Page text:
I constantly find it amazing how Martin is able to completely change and manipulate characters so that your feelings are always on the line. I have a friend who's currently reading Clash of Kings and he kept sending me texts reacting to it last night, my favorite being "I'm on a roller coaster of emotion here!" That is how it feels, though. And also, the way he makes the characters grow and change really impresses me, too. One of my favorite characters was one I seriously disliked in the first two books. In fact, when I was talking to friends that were on books one and two, respectively and told them he was one of my favorites, they were aghast and one said "Ugh, I just want him to die already!" Which I can see from where they are in the books. And one of the characters that I thought would always be a favorite, or at least hard to dislike, completely changed my opinion of her in the last forty pages of book four. And yet, looking back, I can see where it is all coming from. It is honestly very impressive the power he has with molding characters.

I did not think Feast for Crows was as powerful as Storm of Swords but it also had less intense moments to deal with. Its intrigues were smaller but just as powerful. The way our characters ended up, especially Cersei, was really well thought out and gives a lot of room for play in future books. All I can say is that I'm excited for Dance of Dragons.

Monday, 9 July 2012

I Kill Giants - Joe Kelly and J.M. Ken Niimura

I haven't managed to read anything new since last week so I'm going to revisit a book I read about a year ago that I think is one of the best graphic novels I've ever read. It's called I Kill Giants and you should really check it out.

It's the story of a young girl named Barbara Thorsen. She is, of course, a giant killer. She has made it her duty to keep her town safe from giants. And she is very good at it.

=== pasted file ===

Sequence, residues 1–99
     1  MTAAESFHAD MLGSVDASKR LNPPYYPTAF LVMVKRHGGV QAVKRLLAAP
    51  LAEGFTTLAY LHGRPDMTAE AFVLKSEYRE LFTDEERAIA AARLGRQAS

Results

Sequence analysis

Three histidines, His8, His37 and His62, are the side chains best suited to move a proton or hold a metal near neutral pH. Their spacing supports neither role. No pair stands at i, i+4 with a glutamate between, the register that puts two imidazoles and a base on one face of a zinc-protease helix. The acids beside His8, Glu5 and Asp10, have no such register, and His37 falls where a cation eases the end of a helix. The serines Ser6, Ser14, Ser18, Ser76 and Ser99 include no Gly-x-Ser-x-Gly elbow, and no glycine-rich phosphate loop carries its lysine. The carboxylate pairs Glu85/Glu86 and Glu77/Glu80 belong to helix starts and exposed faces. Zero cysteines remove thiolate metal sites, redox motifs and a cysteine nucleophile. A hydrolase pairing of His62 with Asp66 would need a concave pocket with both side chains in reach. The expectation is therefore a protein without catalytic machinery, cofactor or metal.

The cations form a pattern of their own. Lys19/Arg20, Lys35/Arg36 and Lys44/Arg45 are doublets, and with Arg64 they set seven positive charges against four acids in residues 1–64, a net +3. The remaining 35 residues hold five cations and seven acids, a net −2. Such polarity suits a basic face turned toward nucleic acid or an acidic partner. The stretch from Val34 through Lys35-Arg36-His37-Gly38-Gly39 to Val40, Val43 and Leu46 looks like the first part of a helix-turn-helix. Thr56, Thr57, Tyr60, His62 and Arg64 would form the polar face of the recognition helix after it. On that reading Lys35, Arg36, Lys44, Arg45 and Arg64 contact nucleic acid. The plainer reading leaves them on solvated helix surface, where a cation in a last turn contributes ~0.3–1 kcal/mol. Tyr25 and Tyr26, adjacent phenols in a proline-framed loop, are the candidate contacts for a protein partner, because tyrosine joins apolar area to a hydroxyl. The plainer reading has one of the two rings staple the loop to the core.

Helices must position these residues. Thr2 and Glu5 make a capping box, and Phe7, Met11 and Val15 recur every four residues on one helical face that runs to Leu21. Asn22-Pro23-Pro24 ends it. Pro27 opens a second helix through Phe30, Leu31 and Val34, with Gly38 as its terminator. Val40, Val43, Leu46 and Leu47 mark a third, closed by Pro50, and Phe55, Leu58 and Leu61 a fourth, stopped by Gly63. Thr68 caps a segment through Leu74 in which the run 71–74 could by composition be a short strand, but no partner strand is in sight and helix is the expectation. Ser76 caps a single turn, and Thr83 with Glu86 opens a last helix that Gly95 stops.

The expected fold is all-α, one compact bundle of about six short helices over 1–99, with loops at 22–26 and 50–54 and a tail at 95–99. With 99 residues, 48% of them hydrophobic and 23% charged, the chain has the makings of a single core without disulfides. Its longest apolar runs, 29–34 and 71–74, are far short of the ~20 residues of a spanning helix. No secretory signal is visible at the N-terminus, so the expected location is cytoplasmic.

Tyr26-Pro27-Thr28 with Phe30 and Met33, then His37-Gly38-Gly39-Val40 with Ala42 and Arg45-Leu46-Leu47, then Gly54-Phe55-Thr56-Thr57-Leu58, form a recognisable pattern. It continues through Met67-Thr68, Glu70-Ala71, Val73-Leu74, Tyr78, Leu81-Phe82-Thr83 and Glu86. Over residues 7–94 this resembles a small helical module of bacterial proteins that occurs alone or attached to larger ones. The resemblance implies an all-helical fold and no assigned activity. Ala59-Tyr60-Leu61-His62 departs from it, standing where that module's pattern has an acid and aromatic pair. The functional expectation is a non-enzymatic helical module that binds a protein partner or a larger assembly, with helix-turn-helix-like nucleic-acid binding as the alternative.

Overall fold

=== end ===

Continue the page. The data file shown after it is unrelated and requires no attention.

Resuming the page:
She inhabits a world where she's just a bit different. She takes to wearing rabbit ears and is always a bit out of step with the rest of the student population at her school. But she's very self confident and assured, a really lovable and tough character.

What you come to find while you're reading, however, is that Barbara's giants aren't quite what she says they are. And there are some things that Barbara fears, despite her protestations. As the narrative unravels, you witness a coming of age tale really unlike any other. And you may just tear up a bit.

I loved I Kill Giants. It was leant to me in my early days of comic reading by my friend Tally and I ate it up in one night. It's engrossing in a way that not many stories are. It pulls you in and makes you question what you're reading, just as you're cheering Barbara on.

That's the real charm of the novel: it is nothing of what you think it is. I didn't start to realize the real story until I was a good halfway through it and once you see what is really going on, it hits you like an emotional dumbbell to the stomach. What seemed like a fun, if silly, little tale becomes so much more, a story of a young girl coming to an understanding with something she doesn't want to have to deal with. Something that no one really wants to deal with. It's hard and it's painful and it hurts and it's true. I dare you to not tear up while you're reading it. I may have sobbed. You know, just a little.